Yeah Butt… “rust never sleeps” I’ve done all types of stop gap measures, he__, I’ve even used coca cola, again in the end your type is pitted and doesn’t print well, so pound wise
or scary foolish, an exercise in futility.best james

Well, I have officially cleaned one case of Goudy Heavy. It has been 5 days now and they are still clean and free of any type mold!

What I learned:
The aluminum foil tins were eaten through after soaking in the white vinegar and lemon juice. I will switch to glass jars.

They don’t always have to soak overnight. I end up using a toothbrush and final white vinegar rinse. Then I coat in this WD-40 special lubricant that is like an oil but prevents rust.

I intend on saving the fonts. I do have several that are extremely terrible, as posted below, but for these, I may just throw out the cases because they are so very damaged.

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You done good.
I do a lot of this. I call it idiot work.
If you are going to preserve the type, you might also look to repairing and preserving the type cases. One or more may end as parts donors for others. You can clean them up with deck and fence cleaner/brightener. I use it straight and scrub with a toothbrush. Then hose it out. I coat the case edges and the two dividers with boiled linseed oil. Bottoms can be replaced with Masonite, or with a thin plywood. Door skins are available from a large and well stocked lumber yard. They work well.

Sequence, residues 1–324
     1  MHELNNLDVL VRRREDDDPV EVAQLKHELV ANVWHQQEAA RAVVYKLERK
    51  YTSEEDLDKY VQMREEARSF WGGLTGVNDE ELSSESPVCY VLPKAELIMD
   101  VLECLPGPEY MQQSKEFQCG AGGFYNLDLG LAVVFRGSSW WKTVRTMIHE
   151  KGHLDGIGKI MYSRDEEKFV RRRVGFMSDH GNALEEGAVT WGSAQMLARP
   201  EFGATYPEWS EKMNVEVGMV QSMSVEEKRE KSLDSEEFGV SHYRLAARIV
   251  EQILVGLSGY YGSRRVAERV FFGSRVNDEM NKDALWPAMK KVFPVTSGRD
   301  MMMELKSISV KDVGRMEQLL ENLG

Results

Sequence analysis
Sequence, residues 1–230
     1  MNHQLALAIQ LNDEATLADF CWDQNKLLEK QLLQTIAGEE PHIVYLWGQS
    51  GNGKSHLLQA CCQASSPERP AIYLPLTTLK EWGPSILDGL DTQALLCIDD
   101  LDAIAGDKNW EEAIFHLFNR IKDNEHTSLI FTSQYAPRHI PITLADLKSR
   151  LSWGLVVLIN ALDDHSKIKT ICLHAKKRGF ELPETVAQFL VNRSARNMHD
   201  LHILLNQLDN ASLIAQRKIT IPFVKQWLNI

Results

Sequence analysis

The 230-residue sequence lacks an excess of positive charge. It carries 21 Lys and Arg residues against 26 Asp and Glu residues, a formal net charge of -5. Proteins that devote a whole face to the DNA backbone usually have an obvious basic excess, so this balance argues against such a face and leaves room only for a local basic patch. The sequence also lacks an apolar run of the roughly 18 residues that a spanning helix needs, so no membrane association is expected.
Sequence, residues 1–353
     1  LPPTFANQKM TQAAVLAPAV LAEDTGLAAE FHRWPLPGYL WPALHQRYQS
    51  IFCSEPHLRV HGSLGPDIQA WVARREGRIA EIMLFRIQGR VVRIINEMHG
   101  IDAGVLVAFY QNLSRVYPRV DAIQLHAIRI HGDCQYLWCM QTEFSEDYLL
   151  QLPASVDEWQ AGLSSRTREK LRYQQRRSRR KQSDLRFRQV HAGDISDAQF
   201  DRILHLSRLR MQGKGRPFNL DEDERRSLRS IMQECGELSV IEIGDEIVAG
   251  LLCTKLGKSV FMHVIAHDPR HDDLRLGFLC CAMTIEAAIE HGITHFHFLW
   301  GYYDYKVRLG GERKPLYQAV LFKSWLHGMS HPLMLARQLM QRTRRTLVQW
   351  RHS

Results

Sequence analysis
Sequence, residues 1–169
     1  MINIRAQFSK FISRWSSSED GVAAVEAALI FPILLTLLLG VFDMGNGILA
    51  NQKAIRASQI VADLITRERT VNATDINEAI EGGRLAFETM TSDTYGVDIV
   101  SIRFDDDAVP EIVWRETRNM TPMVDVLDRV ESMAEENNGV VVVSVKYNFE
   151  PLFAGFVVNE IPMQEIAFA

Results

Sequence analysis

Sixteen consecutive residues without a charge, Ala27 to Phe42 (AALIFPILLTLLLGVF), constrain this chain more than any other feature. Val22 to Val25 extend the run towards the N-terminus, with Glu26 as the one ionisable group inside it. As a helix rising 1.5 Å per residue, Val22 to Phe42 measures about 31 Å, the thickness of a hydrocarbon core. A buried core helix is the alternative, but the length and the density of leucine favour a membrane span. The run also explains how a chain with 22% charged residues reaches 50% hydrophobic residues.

Get some ink on your shirt.

Thank you inky! I am on way to saving Clarendon right now and soon, I will be inked up. My rollers are on their way and a friend is building me a new feedboard. This summer will be productive if I only get to print once!!


You have a lot of great advice here, particularly from John Henry and Bob. Wish you had not posted the picture with the mask. It will probably at least scare the type lice away.

Fancy seeing my friend gachap posting today—I spent a couple of hours today on equipment he once owned cleaning it up for the public to look at starting this weekend. George sold the newspaper in 1990 and the layer of crud on cylinders, feed board, type, has accumulated in the last 27 years to a depth that can be measured with a yard stick. I’m sure there is some nasty stuff in all that, but a thorough hand washing is all I do, and change clothes afterwards.

wearing the correct mask-check the filter-against the vapours of the WD40 is a good thing for the amount you are doing in an enclosed smallish room it looks liker, do not breathe, only use in a well ventilated area, irritant, may cause drowsiness, headaches etc etc-check the MSDS.